My heart was captured by a young adult Rottweiler, Apollo, who barked a hearty and friendly "Hey!" when he saw me walking by.

I cannot take him home, but I inquired about what it would cost to adopt him and made a donation of about the same amount.

I wish there were more I could do for dogs and cats who are without homes. I know I can’t understand losing this friendly boy and not coming to look for him. But my life is settled and relatively non-chaotic, and that is not how it is here 16 months after Katrina. There is still a great deal of sorting out to do, of houses and neighborhoods and, most of all, lives.   

(Thanks to St. Casserole for getting me the pictures below, taken around the time the new facility  opened.)







On that Katrina Monday, I was relieved to know that my bloggy friend, St. Casserole was safely away from the hurricane. I had an eye on the coverage, but I was also back to work after vacation and a reading week, and I had a lot of other things on my mind, too.

By the next day, when we began to see pictures of a bared Mississippi coastline and a flooded New Orleans, other thoughts disappeared.

Two Sundays later, I told someone I felt my church had paid me for two weeks to think about how to think about the hurricane.

Theodicy and the Idiotic Interpretations of Certain Right Wing Religious Groups
Global Warming and the Impact of Higher Water Temperatures in the Gulf
The Apparent Lack of Caring on the Part of our Executive Branch
The Amazing Inability of an Entire Government to Air-Drop Bottles of Water in Our Own Country
The Socio-Economic Factors in the Building and the Breaching of the Levees
The Broken Hearts of People Who Lost Family, Homes, Everything Familiar
The Animals Left Behind
The People Who Died Rather Than Leave Their Animals Behind
The Callous Comments of People Who Assume Everyone Has a Vehicle and a Credit Card
Oh, God, It’s Not Just About Race. It’s About Poverty.

I was just getting started.

Why, Oh Why, Isn’t God a Micromanager Who Stops This Kind of Thing From Happening?

I didn’t start to feel my thoughts gather in a meaningful way until I asked a question later in the week.

Where Would Jesus Be?

I wrote:

We’re limited. We’re limited. I am, certainly. I can sit and watch
the coverage and contemplate the deaths and the social injustice and
talk about and read about it and even blog about it, but, oh my God, I
go to bed and lie there like a stone because the God I have come to
believe in is so detached from us, too much a scientist looking down on
a lab full of rats, too much a big boy with an ant farm, too much and
too little and I know I am limited in my understanding.

Then, thank God, I remember Jesus. I can talk to Jesus. When I look
at the looters and wonder why they took so many sneakers, I stop and
think of Jesus. Would he be sitting down to dinner with the governors
and senators and cabinet secretaries? Would he be looking out the
window of Air Force One at overflowing New Orleans and storm-shredded
Biloxi? God, no. Oh, my God, no.

Jesus would be on the balconies with the families waving their
pillowcases, or at the Superdome with the frightened old folks and the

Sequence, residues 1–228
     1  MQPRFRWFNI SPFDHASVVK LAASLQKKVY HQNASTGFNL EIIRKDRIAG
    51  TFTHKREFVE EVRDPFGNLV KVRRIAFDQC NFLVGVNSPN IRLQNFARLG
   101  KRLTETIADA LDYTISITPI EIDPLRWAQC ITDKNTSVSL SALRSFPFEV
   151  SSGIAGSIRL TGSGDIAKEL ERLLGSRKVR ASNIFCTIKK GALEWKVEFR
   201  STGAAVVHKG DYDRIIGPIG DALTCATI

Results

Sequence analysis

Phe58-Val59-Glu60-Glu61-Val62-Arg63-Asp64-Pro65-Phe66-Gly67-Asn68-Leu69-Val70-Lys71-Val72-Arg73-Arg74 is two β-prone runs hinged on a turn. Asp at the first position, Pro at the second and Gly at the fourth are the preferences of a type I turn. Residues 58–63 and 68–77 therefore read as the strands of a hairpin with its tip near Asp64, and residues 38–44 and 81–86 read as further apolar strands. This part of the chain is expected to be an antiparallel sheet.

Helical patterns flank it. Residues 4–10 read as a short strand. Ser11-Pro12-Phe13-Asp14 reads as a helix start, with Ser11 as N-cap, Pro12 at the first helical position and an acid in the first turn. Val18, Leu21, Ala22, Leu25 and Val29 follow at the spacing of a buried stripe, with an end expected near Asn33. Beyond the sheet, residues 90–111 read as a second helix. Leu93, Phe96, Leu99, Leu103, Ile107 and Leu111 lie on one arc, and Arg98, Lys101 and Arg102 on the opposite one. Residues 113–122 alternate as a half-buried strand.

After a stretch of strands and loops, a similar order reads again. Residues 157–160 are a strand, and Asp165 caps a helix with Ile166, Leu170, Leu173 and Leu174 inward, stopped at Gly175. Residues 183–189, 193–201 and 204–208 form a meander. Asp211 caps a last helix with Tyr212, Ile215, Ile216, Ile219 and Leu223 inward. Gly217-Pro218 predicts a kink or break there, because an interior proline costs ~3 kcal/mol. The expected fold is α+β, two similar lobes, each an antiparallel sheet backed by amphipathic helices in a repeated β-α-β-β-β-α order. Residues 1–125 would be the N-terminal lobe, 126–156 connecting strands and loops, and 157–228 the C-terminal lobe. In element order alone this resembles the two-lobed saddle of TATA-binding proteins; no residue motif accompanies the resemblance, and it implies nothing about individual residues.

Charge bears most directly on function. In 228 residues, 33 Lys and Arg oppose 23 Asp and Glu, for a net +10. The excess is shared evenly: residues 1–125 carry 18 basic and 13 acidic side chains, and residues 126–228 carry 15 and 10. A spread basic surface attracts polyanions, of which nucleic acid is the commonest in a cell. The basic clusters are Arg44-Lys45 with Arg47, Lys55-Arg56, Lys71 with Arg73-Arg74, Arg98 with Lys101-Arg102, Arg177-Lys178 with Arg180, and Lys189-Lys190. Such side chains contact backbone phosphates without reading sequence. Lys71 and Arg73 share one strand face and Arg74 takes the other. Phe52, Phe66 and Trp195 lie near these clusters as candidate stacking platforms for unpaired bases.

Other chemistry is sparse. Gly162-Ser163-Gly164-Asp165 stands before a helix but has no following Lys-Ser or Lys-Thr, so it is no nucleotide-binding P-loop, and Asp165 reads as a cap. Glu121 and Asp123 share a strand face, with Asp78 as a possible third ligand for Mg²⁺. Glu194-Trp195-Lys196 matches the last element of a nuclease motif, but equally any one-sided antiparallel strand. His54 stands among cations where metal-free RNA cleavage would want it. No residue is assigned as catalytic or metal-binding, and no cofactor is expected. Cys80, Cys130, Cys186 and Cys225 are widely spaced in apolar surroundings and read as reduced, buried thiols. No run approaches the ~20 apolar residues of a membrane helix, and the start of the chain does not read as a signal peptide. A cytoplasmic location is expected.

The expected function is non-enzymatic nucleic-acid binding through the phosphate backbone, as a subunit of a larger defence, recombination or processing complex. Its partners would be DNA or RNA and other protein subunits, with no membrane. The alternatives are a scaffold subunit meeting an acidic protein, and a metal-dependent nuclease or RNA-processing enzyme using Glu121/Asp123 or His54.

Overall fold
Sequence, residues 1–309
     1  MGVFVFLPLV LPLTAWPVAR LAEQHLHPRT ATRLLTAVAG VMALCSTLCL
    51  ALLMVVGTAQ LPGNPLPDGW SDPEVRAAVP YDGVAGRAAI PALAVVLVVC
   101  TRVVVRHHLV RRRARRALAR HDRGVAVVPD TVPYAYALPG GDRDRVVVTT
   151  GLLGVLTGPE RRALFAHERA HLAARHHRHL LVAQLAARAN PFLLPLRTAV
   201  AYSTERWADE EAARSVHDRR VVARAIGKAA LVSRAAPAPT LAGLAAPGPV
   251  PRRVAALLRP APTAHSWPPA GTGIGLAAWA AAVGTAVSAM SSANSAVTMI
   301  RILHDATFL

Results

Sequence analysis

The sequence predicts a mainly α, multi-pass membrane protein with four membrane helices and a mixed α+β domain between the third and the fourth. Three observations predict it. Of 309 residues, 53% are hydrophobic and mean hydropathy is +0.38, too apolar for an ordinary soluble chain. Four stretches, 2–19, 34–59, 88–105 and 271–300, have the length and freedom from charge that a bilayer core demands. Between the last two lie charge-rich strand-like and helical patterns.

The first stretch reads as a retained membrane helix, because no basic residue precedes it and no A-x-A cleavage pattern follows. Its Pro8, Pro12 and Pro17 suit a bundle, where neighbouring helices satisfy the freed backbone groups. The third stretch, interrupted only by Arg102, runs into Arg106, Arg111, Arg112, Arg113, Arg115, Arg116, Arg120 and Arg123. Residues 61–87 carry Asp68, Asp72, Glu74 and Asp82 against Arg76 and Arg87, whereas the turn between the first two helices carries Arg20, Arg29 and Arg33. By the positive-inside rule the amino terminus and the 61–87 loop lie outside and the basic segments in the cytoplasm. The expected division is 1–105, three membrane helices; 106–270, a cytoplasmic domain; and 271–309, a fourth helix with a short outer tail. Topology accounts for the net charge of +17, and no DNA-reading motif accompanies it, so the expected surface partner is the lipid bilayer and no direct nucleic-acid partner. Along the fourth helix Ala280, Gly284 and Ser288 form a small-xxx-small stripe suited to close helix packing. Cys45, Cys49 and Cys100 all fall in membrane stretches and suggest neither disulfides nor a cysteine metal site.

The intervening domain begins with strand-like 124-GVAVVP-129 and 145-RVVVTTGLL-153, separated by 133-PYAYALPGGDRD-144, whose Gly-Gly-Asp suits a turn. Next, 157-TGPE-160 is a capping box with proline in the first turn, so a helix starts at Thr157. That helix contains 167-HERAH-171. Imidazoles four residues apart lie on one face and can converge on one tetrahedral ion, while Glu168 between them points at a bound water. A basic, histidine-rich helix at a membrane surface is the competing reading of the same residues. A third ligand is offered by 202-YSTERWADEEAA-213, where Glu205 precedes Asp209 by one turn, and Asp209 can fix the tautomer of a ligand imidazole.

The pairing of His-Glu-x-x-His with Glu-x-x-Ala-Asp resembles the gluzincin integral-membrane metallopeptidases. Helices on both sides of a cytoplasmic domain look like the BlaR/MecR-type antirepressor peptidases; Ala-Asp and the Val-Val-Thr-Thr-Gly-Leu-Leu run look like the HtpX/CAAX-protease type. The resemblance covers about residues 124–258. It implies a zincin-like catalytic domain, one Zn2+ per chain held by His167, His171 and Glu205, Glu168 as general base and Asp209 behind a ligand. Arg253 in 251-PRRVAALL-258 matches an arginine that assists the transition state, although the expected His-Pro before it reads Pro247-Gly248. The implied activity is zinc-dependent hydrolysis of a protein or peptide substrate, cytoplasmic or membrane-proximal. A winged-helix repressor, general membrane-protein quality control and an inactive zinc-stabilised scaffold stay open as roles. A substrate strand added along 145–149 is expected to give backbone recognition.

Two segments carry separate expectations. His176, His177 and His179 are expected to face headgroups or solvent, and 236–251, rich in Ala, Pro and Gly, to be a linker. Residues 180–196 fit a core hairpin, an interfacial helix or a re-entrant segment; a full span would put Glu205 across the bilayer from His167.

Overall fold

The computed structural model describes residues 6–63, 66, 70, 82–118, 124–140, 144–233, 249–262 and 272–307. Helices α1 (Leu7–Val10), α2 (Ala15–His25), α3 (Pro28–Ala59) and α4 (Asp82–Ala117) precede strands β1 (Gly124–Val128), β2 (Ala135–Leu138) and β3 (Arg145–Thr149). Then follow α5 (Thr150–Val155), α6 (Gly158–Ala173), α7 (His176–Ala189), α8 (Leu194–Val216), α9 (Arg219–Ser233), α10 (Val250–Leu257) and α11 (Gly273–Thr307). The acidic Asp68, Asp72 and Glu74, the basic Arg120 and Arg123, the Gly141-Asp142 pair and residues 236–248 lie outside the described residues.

hungry children. Jesus would be walking the debris-strewn roads with
wives looking for their husbands, comforting the man who saw his
neighbors drowned bodies in the water as he hung on for dear life.
Jesus would be in a neighboring state with the people who were smart
enough and well-resourced enough to get away, but who are suffering now
as they hear of the destruction back home and wondering how they can
help when their homes and workplaces are gone, too.

Jesus is in all those places. And believing that, I can pray.

People who were quicker or better equipped than I figured out how to get there early and help. It took me a few months, but I went, too. A lot of my readers probably self-identify as Christians, but some of them do not. They may think of religious people as being like the nutcases who published statements about the radar picture of Katrina looking like a fetus. But I want to say  people of faith did an incredible amount to help in the aftermath of the storm. That’s not to say that people of good heart weren’t there, too. But people of faith were there sooner and longer and deeper and wider than agencies and armies and principalities and powers. They’re still there, going and making plans to go. I’m proud of my people, the people who understand where Jesus would be.

I’m not proud of my government. I hear excuses and excuses and excuses. I hear justifications. I hear absolute crap, and I hear it over and over and over again. I’m sorry, but the prevention of levee breaches needs more than Faith-Based Initiatives. It needs the attention of smart brains to unique problems, and the application of human muscle and complex machinery to prevent disaster. The reversal, if that is even remotely possible, of our descent into drastic climate change needs a ruthless honesty and commitment to the common good unthinkable to the selfish occupants of the Executive Branch. Waking up to the economic and racial reality of our USA caste system requires humility unimaginable to the ruling class. And altering it? Requires those of us who care to be part of a revolution.